University of Illinois Extension

History & Lore

Dressing a Really Big Bird

Without turkeys, Big Bird would be naked. Big Bird, of Sesame Street fame, is actually dressed in turkey feathers. Although he is not a turkey, his costume is made of nearly 4,000 white turkey feathers, which have been dyed bright yellow.

The First Turkey Trot

In England, during the 1700's, turkeys were walked to market in large herds. Turkey farmers often covered the birds' feet with little booties to protect them on the long journey to the London market. Head ‘em up, move ‘em out.

Turkey: The National Bird?

Ben Franklin thought the North American wild turkey should be the national bird. Of course, the turkey of his day was nothing like the domesticated descendants we know today. The wild turkey of Ben Franklin's day was a brightly plumed, cunning bird of flight.

Unlike eagles, turkeys live in flocks. Imagine seeing a flock of birds as large as turkeys flying across the sky. It must have been a wondrous sight. Wild turkeys have longer necks and legs as well as smaller breasts than turkeys bred for the table. The true American turkey was "wild and wary to the point of genius," said author G. T. Klein.

Ben Franklin on the Turkey as the National Bird holidays-20001113- 135438.html
A letter from Ben Franklin to his daughter about his desire to make the turkey the national bird.

Too Big to Breed

The most prized portion of the turkey is the white meat of the breast. Because Americans like white meat so much, turkeys are bred to produce large breasts. Our domesticated turkeys have such large chests that the male, "tom turkey" is not able to fertilize the eggs of the female, "hen turkeys" in the natural mating position. Today, turkey eggs are fertilized by artificial insemination for the hatchery.

What's a Wattle Anyway?

The head and neck of turkeys have no feathers; rather it is covered with red, fleshy skin. A soft floppy growth on the front of the head, which dangles downward over the beak, is called the snood or dewbill. The turkey also has a pouchlike area at the front of his throat which is called a wattle. The head, neck, snood and wattle are all reddish colored until the male turkey begins to do his "strut" or mating dance at which time the entire area turns brilliantly bright red.

White Meat or Dark?

Did you ever wonder why the breast and wings of chickens and turkeys have white meat while the legs and thighs are dark? The explanation is a physiological one involving the function of muscles, which gives some insight into humans as well as animals. The dark coloration is not due to the amount of blood in muscles but rather to a specific muscle type and it's ability to store oxygen.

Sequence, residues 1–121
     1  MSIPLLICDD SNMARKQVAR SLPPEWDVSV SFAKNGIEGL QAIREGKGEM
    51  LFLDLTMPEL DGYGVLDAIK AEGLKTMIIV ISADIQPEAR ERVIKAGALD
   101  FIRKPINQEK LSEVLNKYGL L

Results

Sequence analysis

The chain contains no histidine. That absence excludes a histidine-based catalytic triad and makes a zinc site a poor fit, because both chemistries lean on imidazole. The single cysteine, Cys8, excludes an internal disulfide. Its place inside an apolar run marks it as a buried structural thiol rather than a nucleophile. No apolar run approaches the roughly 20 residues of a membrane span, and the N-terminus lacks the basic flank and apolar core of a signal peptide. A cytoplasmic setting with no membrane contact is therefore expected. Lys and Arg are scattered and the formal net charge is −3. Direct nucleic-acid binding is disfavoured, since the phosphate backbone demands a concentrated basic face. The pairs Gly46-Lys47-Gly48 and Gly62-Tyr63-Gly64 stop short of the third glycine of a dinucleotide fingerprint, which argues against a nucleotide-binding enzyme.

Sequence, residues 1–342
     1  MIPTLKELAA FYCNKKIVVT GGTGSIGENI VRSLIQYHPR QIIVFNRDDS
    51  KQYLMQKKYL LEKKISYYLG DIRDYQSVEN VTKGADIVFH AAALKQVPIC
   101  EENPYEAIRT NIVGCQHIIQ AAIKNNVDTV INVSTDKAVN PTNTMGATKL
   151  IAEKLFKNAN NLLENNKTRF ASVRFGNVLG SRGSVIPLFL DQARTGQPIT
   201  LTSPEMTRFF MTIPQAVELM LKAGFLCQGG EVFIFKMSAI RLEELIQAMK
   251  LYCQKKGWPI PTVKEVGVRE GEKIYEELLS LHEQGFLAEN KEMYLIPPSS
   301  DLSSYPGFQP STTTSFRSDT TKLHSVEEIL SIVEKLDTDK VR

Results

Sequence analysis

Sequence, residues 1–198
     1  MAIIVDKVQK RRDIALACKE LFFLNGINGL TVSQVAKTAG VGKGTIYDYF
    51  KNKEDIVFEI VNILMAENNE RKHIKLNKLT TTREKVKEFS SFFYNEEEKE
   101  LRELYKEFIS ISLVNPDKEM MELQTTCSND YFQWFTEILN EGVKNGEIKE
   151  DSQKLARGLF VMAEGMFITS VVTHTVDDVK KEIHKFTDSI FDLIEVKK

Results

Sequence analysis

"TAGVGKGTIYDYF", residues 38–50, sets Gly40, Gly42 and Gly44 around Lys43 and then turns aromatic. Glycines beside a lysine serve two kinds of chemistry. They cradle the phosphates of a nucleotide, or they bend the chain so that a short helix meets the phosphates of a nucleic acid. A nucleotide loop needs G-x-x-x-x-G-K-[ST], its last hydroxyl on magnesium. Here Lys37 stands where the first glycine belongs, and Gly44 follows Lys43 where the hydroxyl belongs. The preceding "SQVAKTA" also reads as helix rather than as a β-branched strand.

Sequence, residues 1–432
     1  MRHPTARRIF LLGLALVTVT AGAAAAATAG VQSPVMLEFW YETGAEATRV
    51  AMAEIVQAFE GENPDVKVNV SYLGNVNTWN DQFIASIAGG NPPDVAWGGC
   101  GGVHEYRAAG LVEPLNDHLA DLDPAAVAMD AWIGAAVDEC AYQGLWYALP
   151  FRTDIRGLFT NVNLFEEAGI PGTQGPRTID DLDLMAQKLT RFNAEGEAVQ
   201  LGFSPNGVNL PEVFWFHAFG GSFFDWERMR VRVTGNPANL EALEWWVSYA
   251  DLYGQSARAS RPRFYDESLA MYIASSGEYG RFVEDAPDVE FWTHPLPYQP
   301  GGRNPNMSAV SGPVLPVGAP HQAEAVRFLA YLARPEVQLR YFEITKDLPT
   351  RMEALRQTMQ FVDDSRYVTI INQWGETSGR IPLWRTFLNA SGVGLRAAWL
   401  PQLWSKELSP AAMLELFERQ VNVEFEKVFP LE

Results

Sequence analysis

Gobble, Gobble!

Only the adult male turkey makes the gobbler, gobble sound. The adult male is called the "tom" turkey. The female or hen turkey makes a gentle clucking or clicking sound. The hen never gobbles.

Strutting His Stuff

In pictures and drawings, the male turkey is usually shown in his proudest moment. For those of you who have not seen a real turkey, the puffed up picture is actually the male turkey and this is not his usual stance. This feather works display only lasts for a few minutes but it can be seen several times daily.

The male turkey in full plumage is dignified and almost royal in appearance. As his dance begins, the body stiffens and he gobbles loudly holding his head high, piercing black eyes looking straight ahead. His huge chest is thrust forward. Each feather stands apart with his tail feathers fanned. His wings actually drape down and drag the ground as he stamps his spurred feet. Moving in a circle around the barnyard for all to see. For a few glorious minutes each day, he is the finest, most magnificent animal on the farm.

The tom turkey does this number to attract the attention of the female, of course, who never seems to look directly at him. When he is not "strutting" about, the tom turkey looks much like the hen, only larger. As for strutting his stuff, no one and nothing does it better than the proud, adult tom turkey.

Hey, You Turkey!

During the ‘70's a popular slang expression was to call a person doing a stupid thing, a "turkey." Being called a turkey was not a compliment, in fact, it meant you were incompetent. The comparison was to the domestic turkey that has been bred into a condition of profound stupidity.

How The Turkey Got It's Name

There are a number of possibilities on why turkeys are called turkeys. Some say Columbus thought the land he discovered was connected to India which had a large population of peacocks. Columbus thought turkeys were part of the peacock family. He decided to call them tuka, which is the word for peacock in the language of India.

Others say that the name turkey came from Native Americans who called the birds firkee, which sounds like turkey.

Some say that turkey name came from the sound turkeys make when they are afraid - "turk, turk, turk."

The Christmas Bird

Charles Dickens' The Christmas Carol is credited for popularizing the serving of turkey for Christmas dinner.

Thanksgiving Proclamation

After the first Thanksgiving in 1621, it took over 200 years before Thanksgiving Day was officially proclaimed as a national day of thanksgiving, praise and prayer in 1863.

Americans Love Turkey

Over the past 20 years, Americans' consumption of turkey has increased dramatically. In 1975, Americans ate 8.3 pounds of turkey per year and in 1995, Americans ate over 18 pounds of turkey per year.

A Persistent Magazine Editor